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There are around thirty pages alone depicting the majority of the Belmont Family and striking art designs of Alucard, who is featured through-out Castlevania’s history, but in Lords of shadow his story was rewritten. Alucard is the inverse of Dracula, he is what becomes of Trevor Belmont and is possessed by the light within to pursue the monstrosity his father has turned into. The Belmont dynasty is shown through both images and text as well as touching on the game, Mirror of Fate, which is part of the Lords of Shadow story released on the Xbox Live Arcade. Following the details of the Belmonts, the book goes further into the imagining of the allies and antagonists within Lords of Shadows. To keep you informed if you haven’t played any of the games – the Lords of Shadows are a collection of Knights whose goal is to purge the land of evil, but eventually they end up becoming part of the evil itself.

From the re-imagining of Carmilla who appeared in the 1987 Castlevania II: Simons Quest to the lack of availability of actor Ian McKellan for Zobek’s voice which then in turn led to the casting Sir Patrick Stewart instead;  so much information is covered in the book that you’ll be a Castlevania Lords of Shadow mastermind in no time!  The later sections of The Art of Castlevania Lords of Shadow keep you up to speed on how the locations and environments were designed to be grand and part of the fairy-tale wilderness picture postcard settings the developers had in mind from the on-set.  The whole artbook depicts a mythical journey and how rich and detailed the design team had to be to re-write the Castlevania history. This book demonstrates the diversity, detail and attention paid to ensuring the spectacular sights are every bit as dark and psychological as per the momentum of Lords of Shadow, building upon the foundation set by the first title and continuing the trends in the latest release, Lords of Shadow 2.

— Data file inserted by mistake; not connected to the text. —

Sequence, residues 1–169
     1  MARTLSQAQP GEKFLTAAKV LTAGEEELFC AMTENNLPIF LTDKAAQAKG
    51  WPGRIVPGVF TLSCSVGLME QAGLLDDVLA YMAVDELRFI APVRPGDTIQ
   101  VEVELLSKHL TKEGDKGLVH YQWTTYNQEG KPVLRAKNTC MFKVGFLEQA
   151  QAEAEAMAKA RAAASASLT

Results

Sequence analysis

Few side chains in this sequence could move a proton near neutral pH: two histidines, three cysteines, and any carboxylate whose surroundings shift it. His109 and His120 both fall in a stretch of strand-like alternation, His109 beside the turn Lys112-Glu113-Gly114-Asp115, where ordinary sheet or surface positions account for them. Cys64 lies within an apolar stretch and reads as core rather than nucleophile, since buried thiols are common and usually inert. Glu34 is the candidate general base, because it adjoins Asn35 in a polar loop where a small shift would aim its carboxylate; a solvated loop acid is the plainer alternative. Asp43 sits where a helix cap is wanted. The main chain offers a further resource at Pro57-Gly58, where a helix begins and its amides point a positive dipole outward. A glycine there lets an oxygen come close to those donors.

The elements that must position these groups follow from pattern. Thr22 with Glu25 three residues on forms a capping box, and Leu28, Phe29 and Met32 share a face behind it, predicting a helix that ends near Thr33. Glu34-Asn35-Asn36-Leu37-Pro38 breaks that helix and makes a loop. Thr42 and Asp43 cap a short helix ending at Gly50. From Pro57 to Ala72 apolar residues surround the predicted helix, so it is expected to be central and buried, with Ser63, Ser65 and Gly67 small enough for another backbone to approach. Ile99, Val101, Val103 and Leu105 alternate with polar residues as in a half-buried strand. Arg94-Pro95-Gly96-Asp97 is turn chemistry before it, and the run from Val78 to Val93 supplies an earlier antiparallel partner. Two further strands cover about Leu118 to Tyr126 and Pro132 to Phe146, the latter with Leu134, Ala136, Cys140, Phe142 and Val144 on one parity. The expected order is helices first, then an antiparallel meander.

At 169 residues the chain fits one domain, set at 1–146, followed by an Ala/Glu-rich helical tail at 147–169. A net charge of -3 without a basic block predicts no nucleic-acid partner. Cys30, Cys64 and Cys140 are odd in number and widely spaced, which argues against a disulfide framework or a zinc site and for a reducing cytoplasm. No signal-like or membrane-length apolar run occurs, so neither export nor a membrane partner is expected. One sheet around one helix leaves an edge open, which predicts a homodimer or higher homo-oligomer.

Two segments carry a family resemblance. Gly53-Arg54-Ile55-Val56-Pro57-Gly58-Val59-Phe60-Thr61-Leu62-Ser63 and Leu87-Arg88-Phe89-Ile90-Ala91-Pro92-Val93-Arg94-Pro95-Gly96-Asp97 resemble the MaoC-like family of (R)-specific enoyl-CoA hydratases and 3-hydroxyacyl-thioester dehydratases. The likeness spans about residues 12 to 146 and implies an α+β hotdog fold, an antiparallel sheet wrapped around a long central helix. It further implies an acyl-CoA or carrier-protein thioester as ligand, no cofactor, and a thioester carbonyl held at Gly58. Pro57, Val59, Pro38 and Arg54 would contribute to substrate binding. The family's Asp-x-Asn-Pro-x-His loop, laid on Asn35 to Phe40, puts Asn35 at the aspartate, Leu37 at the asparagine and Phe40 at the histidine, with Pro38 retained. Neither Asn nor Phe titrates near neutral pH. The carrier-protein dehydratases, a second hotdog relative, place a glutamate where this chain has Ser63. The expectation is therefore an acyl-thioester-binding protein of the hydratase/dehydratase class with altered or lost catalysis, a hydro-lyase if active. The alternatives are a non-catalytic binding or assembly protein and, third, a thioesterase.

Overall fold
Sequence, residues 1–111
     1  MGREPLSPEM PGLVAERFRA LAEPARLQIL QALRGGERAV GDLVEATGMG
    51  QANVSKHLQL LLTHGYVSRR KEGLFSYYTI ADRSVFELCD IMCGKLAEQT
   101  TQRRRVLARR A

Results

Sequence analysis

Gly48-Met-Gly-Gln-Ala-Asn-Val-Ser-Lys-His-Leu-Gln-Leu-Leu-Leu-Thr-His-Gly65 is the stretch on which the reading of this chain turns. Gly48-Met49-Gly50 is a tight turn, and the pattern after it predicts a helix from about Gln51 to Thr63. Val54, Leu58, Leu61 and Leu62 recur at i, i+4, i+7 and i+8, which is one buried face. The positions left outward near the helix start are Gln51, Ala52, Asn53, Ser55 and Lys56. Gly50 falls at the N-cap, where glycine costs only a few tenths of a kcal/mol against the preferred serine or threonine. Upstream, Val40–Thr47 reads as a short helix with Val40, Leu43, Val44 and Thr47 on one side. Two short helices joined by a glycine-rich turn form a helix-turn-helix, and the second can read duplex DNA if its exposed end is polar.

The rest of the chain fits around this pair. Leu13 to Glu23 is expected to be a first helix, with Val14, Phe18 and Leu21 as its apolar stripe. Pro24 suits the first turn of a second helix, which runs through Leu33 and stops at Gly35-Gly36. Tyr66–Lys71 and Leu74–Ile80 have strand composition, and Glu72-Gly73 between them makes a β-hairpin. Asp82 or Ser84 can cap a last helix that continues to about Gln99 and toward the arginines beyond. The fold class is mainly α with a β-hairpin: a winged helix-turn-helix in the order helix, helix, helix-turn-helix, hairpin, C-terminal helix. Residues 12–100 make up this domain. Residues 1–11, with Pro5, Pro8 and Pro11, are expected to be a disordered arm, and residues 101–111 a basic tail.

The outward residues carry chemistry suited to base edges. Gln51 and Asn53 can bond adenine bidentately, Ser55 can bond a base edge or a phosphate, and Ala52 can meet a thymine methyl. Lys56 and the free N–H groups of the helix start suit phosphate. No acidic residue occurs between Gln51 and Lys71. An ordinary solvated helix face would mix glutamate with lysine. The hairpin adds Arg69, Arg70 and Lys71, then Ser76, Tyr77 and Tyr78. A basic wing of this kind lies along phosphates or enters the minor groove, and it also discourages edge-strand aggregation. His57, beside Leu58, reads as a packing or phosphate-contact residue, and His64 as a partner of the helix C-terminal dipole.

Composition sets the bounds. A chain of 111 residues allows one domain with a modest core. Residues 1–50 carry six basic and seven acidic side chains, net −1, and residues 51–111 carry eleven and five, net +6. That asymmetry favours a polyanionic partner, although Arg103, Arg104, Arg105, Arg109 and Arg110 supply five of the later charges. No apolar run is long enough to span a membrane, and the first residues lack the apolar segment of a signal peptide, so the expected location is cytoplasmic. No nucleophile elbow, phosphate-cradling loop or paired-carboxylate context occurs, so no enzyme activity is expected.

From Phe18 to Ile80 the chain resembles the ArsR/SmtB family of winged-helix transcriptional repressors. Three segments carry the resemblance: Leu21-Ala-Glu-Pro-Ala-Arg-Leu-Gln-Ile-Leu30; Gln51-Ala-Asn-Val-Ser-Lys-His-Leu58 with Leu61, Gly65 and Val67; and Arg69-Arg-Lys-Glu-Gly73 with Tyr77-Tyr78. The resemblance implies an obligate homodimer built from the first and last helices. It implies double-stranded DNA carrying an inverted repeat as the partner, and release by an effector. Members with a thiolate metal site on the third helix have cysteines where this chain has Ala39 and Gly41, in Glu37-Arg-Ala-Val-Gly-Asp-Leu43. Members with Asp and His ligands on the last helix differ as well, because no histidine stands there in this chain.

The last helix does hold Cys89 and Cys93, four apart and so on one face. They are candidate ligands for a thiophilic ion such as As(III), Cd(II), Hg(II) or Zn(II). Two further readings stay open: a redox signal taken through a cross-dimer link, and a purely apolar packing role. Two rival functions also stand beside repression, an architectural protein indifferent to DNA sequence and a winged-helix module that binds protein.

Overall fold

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The Art of Castlevania Lords of Shadow is a stunning collection of the art featured in the hit Konami Lords of Shadow franchise and is well presented, documented and a fantastic insight into how everything shapes together to become the dark, horror theme setting that you play in the videogame. The book would make an ideal gift for any Castlevania gaming fan or a superb purchase if you’re looking to expand your collection of gaming memorabilia.

You can search to buy this book online or visit Titan Books website directly via this link.

The Art of Battlefield 4 Review

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Battlefield 4 has had its fair share of hiccups on both Xbox One and Xbox 360 since launch requiring a number of patches to correct the issues, (which is currently in-progress) but undeniably one of the key features that impress in Battlefield 4, are the striking visuals that hit you face on as soon as you start playing the game from the onset. To give you an understanding of the art direction and how this beautiful visual quality was developed from concept to reality – The Art of Battlefield 4, is available to buy now from Titan Books, and if you’re a fan of Battlefield, this really is a must have addition to accompany the game itself. You might not be a fan of books, or perhaps ever considered buying an art book before – but for the games that you love and enjoy, these art books do not only look great, but it showcases the work of the artists as well as give you some history on your favourite games.